Jerrod Carmichael won his first Primetime Emmy in September for outstanding writing for a variety special for his HBO Max special, Jerrod Carmichael: Rothaniel, but he lost in the equivalent category (outstanding writing in a television movie or special) here. The winner? Netflix’s Entergalactic, with a story by Scott Mescudi (better known as Kid Cudi) and written by Ian Edelman and Maurice Williams.
Surprise: Keke Palmer
Palmer won outstanding character voice-over performance – motion picture. She beat out a pair of past Oscar nominees – Angela Bassett (nominated for Wendell & Wild) and Taraji P. Henson (nominated for Minions: The Rise of Gru).
Snub: Sheryl Lee Ralph
Ralph won her first Primetime Emmy in September for outstanding supporting actress in a comedy series for her role in Abbott Elementary, but lost here to her castmate Janelle James. Both were vying here for outstanding supporting actress in a comedy series. The two actresses presented the first award on the telecast. Ralph warmly congratulated James on her win the previous night.
Surprise: Tabitha Brown
The host of Tab Time on You Tube Originals won outstanding host in a reality/reality competition, game show or variety (series or special) – individual or ensemble. (That category name is longer than the show!) Her win was sweet because she was up against four major names – Lizzo for Lizzo’s Watch Out for the Big Grrrls, Trevor Noah for The Daily Show with Trevor Noah, Taraji P. Henson for hosting the 2022 BET Awards and Keke Palmer for NBC’s revival of Password. Tab Time also won outstanding children’s program.
Snub: ‘Guillermo del Toro’s Pinocchio’
Guillermo del Toro’s film is the front-runner to win the Oscar for best animated feature film, but it lost outstanding animated motion picture here to Wendell & Wild. The latter film wasn’t even nominated for an Oscar.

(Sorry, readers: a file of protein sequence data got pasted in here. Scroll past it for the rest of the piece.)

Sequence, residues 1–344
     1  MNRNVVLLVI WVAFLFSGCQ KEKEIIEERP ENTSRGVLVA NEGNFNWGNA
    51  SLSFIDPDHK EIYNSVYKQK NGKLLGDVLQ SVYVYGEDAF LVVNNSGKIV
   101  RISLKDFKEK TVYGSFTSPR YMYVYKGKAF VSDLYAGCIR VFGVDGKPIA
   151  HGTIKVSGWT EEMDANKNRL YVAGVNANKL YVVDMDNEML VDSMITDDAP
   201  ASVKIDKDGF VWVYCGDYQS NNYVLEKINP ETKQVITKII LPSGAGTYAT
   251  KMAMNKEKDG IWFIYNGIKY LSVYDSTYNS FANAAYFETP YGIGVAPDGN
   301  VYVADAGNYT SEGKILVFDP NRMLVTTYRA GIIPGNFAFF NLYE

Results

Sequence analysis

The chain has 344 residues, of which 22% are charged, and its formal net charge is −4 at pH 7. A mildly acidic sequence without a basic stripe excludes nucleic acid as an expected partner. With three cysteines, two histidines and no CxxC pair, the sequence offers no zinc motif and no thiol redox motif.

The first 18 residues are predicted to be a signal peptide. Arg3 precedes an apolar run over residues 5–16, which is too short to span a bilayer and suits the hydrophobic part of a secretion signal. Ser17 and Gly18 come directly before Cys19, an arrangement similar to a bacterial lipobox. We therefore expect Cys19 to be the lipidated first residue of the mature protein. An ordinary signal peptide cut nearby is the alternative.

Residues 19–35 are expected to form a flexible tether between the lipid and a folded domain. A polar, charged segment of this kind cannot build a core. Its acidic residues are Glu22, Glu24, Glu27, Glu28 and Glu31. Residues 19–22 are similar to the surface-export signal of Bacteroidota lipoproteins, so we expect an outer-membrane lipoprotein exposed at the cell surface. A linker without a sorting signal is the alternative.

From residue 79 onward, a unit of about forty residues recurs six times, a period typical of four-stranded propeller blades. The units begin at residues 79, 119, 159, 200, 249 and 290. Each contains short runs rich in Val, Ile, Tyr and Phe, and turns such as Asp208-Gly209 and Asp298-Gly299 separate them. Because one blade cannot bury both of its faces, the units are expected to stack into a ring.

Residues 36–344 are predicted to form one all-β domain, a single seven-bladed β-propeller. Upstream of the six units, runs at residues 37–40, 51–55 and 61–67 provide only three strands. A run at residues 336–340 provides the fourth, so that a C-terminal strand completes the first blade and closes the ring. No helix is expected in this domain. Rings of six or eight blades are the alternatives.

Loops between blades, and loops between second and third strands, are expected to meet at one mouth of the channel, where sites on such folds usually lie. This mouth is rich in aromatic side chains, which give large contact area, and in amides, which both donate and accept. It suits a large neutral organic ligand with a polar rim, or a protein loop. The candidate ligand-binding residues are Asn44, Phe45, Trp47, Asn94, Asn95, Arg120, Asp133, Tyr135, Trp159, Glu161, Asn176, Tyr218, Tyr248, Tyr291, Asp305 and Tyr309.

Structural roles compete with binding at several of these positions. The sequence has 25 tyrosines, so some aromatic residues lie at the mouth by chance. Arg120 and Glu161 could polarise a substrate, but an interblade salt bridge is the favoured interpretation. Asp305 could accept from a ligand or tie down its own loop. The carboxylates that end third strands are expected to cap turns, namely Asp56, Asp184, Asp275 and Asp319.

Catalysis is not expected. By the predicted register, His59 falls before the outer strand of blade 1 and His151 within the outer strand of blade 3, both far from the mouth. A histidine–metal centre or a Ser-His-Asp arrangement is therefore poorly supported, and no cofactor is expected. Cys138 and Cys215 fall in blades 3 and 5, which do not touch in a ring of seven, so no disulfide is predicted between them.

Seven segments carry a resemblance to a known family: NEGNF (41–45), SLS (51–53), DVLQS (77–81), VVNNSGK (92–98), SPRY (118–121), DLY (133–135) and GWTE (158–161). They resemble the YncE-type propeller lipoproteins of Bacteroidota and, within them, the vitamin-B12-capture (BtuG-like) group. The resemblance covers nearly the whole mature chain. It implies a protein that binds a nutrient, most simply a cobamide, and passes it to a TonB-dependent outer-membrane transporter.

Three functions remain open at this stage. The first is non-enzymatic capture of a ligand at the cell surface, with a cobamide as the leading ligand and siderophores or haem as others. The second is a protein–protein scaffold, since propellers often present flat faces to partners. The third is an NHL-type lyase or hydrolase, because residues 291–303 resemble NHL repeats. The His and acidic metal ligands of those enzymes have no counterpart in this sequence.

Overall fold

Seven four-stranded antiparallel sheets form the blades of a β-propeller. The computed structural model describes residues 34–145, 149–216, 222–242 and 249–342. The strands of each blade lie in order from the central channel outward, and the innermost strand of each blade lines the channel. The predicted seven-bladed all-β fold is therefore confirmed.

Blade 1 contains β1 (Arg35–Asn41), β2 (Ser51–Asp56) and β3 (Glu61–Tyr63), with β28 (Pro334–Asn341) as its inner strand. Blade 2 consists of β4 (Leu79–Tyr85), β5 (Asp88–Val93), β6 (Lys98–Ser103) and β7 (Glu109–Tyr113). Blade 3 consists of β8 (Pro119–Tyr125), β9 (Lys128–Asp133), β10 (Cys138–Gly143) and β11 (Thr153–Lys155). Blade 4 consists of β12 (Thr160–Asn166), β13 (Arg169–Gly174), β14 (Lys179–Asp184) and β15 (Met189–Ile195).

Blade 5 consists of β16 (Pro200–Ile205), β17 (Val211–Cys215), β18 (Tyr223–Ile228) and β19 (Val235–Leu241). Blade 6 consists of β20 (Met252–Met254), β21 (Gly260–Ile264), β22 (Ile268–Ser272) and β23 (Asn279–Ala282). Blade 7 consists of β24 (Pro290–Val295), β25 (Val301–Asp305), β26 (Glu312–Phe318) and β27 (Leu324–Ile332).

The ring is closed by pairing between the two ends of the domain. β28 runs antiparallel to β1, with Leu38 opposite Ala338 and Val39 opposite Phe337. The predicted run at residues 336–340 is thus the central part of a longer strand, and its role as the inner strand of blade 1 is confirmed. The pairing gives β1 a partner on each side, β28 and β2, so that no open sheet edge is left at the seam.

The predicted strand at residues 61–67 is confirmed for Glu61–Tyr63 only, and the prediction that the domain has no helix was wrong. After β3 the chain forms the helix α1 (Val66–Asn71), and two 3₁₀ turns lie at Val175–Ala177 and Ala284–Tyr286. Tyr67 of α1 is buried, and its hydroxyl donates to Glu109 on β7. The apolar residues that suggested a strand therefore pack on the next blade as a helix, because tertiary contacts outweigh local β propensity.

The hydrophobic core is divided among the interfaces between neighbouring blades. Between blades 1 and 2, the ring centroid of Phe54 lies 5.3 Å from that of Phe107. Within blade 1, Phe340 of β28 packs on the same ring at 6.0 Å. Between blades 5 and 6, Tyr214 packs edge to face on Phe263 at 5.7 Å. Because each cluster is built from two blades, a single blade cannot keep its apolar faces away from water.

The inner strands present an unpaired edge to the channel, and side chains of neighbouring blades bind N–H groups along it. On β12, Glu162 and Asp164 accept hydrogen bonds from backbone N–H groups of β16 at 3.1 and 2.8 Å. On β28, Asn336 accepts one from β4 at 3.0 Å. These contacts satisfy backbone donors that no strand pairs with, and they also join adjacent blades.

Surprise: Nicco Annan
The star of Starz’ P-Valley won outstanding actor in a drama [TV] series, beating, among others, Sterling K. Brown of NBC’s just-wrapped This Is Us (who won in this category twice). Annan stars as Uncle Clifford Sayles, the non-binary owner and proprietor of a strip club called The Pynk in the fictional city of Chucalissa, Miss. P-Valley also won outstanding drama series.
Not a Surprise: Michelle Obama
Image Award voters seem to prefer the real Michelle Obama to a dramatized version. ABC News 20/20 Michelle Obama: The Light We Carry, a Conversation with Robin Roberts won outstanding news/information (series or special). But Viola Davis’ portrayal of the former first lady on The First Lady (Showtime) lost in the category of outstanding actress in a television movie, limited-series or dramatic special. (The winner there was Niecy Nash-Betts, playing the suspicious neighbor on Netflix’s Dahmer – Monster: The Jeffrey Dahmer Story.)
Not a Surprise, but Really?: Jennifer Hudson
Hudson took outstanding host in a talk or news/information (series or special) – individual or ensemble for the first season of her syndicated The Jennifer Hudson Show. That’s not a surprise. Hudson is an EGOT, after all. Her competition included Lester Holt for NBC Nightly News. These shows – a resolutely positive daytime talk show and an evening news broadcast – should not be in the same category. It’s not really fair to either.